The Most Entrepreneurial Group in America

By Bob Nieman, CLA Member posted 03-31-2017 10:43

“The ‘American Dream’ has long lured immigrants, who have always used the opportunities of our capitalist system to start their own small businesses. Immigrants own more than 50 percent of all laundromats and drycleaners, more than a third of all restaurants and about 20 percent of computer companies.” – Rohit Arora, co-founder and CEO of Biz2Credit

In recent years, and especially leading up to and since last November’s election, we’ve all been hearing, seeing and reading a lot about immigration policy in the United States – much of it not so positive.

Yet, most of us are the children of immigrants. And immigration has been one of the true strengths of this country since the very beginning.

This is especially true when it comes to business ownership and entrepreneurship. For example, Sergey Brin, the co-founder of Google, is an immigrant. Elon Musk of Tesla fame is also an immigrant. And Jan Koum, the co-founder of WhatsApp, is an immigrant as well. Furthermore, many of the small businesses in your neighborhood are likely owned and operated by immigrants.

By and large, immigrants are not only solid citizens, but they are also powerful drivers of economic activity in this country. According to a report from the National Foundation for American Policy, “among the billion dollar startup companies, immigrant founders have created an average of approximately 760 jobs per company in the United States.”

The fact that immigrants are – and always have been – entrepreneurial is really no secret. However, what still remains relatively unknown is the extent of that entrepreneurial activity. It is both impressive and extensive.

After all, consider the following:

•    More than 40 percent of Fortune 500 companies were founded by an immigrant or their children.

•    More than half of America’s startup companies valued at more than $1 billion were started by immigrants.

•    Immigrants are twice as likely to start a new business as someone born in the U.S.

According to the Kauffman Foundation, “immigrants have a disproportionate presence in the entrepreneurial community – i.e., immigrants make up a larger share of entrepreneurs than they make of the population.”

Why is that?

For starters, immigrants are risk-takers. Imagine leaving your home, your language, your friends, your family – your life – and starting over in a new country; to do so requires courage, intelligence, initiative and, of course, risk-tolerance. These are all traits that an entrepreneur must exude – but that last one is especially desirable if one is planning to start both a new life and a new business venture.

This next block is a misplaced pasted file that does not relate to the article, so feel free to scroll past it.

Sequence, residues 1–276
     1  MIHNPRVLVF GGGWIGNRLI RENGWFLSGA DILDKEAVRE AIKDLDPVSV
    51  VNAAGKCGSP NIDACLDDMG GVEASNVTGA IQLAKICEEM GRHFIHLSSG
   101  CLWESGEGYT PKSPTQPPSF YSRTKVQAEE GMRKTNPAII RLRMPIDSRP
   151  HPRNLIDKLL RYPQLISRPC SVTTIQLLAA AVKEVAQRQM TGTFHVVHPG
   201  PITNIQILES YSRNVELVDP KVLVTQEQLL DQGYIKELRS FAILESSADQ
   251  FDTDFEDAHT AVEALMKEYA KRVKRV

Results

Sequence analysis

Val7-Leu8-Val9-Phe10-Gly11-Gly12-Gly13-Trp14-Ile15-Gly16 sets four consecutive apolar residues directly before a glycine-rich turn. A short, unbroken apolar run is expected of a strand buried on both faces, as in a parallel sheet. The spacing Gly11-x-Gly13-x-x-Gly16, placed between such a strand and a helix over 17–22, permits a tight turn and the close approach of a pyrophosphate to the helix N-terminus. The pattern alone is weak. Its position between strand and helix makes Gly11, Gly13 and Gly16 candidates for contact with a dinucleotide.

Immigrants understand how to start something from nothing. What does it take to launch a successful business? Clearly, an idea is needed – as are brains and definitely a work ethic. But, especially in the beginning, it requires entrepreneurs to have a vision, to be able to see things that others cannot.

Furthermore, immigrants and entrepreneurs both share two important beliefs.

First of all, they believe in themselves. Immigration and entrepreneurship both necessitate that the individuals involved believe there is something better out there and that, if they work hard and follow their vision, they will be able to reach their goal – be it a new life in a new country, or a new life within their own business.

Secondly, and critically, immigrants and entrepreneurs alike both believe in the United States.

For generations, people across the globe have seen the U.S. in the same way that President Ronald Reagan once described it – “a shining city upon a hill.” It’s a place where dreams come true, a place that rewards hard work and initiative, and a place where immigrants have the ability to give themselves and their children a better life and greater opportunity.

Today’s immigrant entrepreneurs believe the very same values. In far too many places around this world, creating a business holds no allure. “Crony capitalism” and political corruption can make starting a business nearly impossible in certain countries.

But that’s not the case here. Immigrant entrepreneurs know this – and they’re willing to bet their lives and future on it. And, clearly, the U.S. economy – not to mention the self-service laundry industry – is healthier because of these savvy businesspeople.


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